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Population Europe Inter-Faces are a series of video interviews with leading demographic experts on Population Europe’s YouTube channel and other video material of general interest produced by the partner institutes. Users can gain first-hand insights about demographic developments, which may affect individual life courses and future policies.

Why 70 is the new 60 - an interview with Annette Baudisch (Max Planck Institute for Demographic Research) on biodemography. Questions: 1. When my grandmother was my age, I perceived her as being much older than I feel now. Is this just a question of perspective, or is being 70 today biologically different from what it used to be? 2. If you look at human ageing in a long-term perspective, what has changed most significantly since the Neanderthals? [...]
An interview with Anne Goujon (Vienna Institute of Demography, Wittgenstein Centre for Demography and Global Human Capital) on education. Questions: 1. We are constantly told that education will be the key in dealing with future challenges. What do we know about the role education played in European societies in the 20th century? 2. How can you complete missing data about education in a reliable way? 3. What are the main obstacles in this process of data reconstruction? 4. Once this data is completed, what can we learn from it for the future? [...]
Interview with Tomáš Sobotka (Vienna Institute of Demography) on fertility in times of crisis. Questions: 1. We want to have children, but given the current economic crisis, we are not sure whether it is a good time right now. Do other people worry about the crisis when planning their families, and what are the effects? 2. Does it make a difference to family planning in times of economic crisis what kind of job people have? 3. Are there factors like family support, social networks or the infamous “biological clock” that are helping to overcome these worries? [...]
An interview with Gunnar Andersson (Stockholm University) on family planning. Questions: 1. My partner and I are planning on having children, but both our jobs are very insecure and we think maybe we should wait until at least one of us is in a more stable situation. On the other hand, unemployment would give us more time to care for the baby. How do other people in Europe deal with this? 2. Are there differences between people with higher qualifications, who therefore also have more interesting job perspectives, and lower skilled workers? [...]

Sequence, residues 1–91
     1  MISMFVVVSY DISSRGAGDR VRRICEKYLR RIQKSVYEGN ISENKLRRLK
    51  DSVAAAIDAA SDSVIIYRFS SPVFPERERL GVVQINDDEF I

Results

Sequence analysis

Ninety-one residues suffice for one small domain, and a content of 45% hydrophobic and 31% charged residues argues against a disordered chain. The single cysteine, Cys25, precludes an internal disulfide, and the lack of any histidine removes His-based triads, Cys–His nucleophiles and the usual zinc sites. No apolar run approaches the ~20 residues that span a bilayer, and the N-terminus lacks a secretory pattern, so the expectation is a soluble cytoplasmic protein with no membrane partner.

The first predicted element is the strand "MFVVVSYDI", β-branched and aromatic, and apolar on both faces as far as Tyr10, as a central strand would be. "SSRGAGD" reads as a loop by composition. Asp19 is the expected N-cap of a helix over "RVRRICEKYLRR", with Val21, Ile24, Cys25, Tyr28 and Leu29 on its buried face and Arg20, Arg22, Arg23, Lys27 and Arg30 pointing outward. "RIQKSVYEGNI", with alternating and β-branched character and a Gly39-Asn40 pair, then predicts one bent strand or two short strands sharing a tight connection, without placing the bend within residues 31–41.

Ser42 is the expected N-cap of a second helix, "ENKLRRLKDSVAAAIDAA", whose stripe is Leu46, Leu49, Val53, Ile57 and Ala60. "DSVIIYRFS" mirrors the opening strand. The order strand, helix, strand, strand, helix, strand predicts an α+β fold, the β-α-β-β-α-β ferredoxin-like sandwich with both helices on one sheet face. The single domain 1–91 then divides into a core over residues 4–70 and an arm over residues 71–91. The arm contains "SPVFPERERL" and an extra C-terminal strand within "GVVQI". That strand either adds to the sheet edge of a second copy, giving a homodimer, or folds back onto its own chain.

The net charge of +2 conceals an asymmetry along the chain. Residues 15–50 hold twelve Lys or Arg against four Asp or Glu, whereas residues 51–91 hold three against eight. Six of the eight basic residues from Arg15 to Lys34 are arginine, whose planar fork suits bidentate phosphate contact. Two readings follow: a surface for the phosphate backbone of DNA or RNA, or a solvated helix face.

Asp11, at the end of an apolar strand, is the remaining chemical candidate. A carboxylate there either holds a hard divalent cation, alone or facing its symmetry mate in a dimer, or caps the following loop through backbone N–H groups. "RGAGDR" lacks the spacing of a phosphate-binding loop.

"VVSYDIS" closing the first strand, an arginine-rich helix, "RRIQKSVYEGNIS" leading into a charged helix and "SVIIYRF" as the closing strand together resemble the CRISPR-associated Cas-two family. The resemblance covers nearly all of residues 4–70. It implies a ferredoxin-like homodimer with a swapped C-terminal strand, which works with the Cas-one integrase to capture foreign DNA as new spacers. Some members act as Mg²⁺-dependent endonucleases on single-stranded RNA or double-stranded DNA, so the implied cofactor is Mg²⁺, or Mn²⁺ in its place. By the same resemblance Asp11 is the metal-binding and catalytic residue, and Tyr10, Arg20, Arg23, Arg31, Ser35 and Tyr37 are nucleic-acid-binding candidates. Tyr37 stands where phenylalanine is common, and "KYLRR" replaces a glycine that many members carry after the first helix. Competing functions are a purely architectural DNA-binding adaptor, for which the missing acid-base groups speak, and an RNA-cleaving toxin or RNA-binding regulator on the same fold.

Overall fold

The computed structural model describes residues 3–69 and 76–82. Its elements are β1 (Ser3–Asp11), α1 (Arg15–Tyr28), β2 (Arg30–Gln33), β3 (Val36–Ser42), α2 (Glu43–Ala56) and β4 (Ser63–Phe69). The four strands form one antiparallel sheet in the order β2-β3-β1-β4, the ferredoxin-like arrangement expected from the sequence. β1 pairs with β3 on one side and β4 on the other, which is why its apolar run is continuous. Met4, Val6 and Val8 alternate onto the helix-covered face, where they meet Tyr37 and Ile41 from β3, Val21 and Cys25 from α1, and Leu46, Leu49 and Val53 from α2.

An interview with Sorana Toma (ENSAE–Laboratoire de Sociologie Quantitative) on migration and immigration. Questions: 1. I am planning to live in another country once I finish my studies and I feel it is very important to already know some people there. Is that generally the case when people decide to move to another country? 2. What can be the downsides of such “migrant networks” for the newcomer? 3. Is it easier to find a good job in your new home country if you already studied there? [...]
Interview with Bruno Arpino (Universitat Pompeu Fabra) on health and grandparenting. Questions: 1. My daughter and her partner are expecting their first child. As they both have quite demanding jobs I would like to offer my help in looking after the baby, but I am also a bit worried that my other activities might suffer from this. What have you found to be realistic based on your research? 2. Is grandparenting as good of a social activity as being in a sport’s club or a choir in terms of benefits for an older person’s health? [...]
An interview with Anna Matysiak (Vienna Institute of Demography, Wittgenstein Centre for Demography and Global Human Capital) on childlessness. Questions: 1. When friends ask me why I don’t have children, I can’t really name a reason, apart from “it just never happened”. Is that also the case for other childless women? 2. What are the most important factors in the life histories of childless women? 3. Are these factors universal, or did you find country differences? [...]
An interview with Katalin Kovács (Hungarian Demographic Research Institute) on life expectancy. Questions: 1. The media often report that men die earlier than women, and poor people sooner than those who are wealthy, is this really true? 2. Comparing the impact of gender and education on mortality, which is stronger? 3. Are these patterns similar everywhere in Europe, or is the situation different in post-socialist central and eastern European countries? [...]
An interview with Michaela Kreyenfeld (Max Planck Institute for Demographic Research) on fatherhood. Questions: 1. My former partner and I split up some years ago, but I am still very involved in the upbringing of our child. However, I often feel that separated fathers have quite a bad image – what is the reality in Europe? 2. What are the main factors that influence the level of contact a father has after a separation? 3. To what extent can policies and legal frameworks influence the behaviour of fathers? [...]
An interview with Athina Vlachantoni (University of Southampton) on work-life-balance. Questions: 1. Balancing my work and family life with two kids sometimes feels very stressful to me and I worry what effects this might have on my health when I get older. What are the experiences of women who are over 60? 2. Does it make a difference whether women worked full-time, part-time, or interrupted their career to stay at home with the children? [...]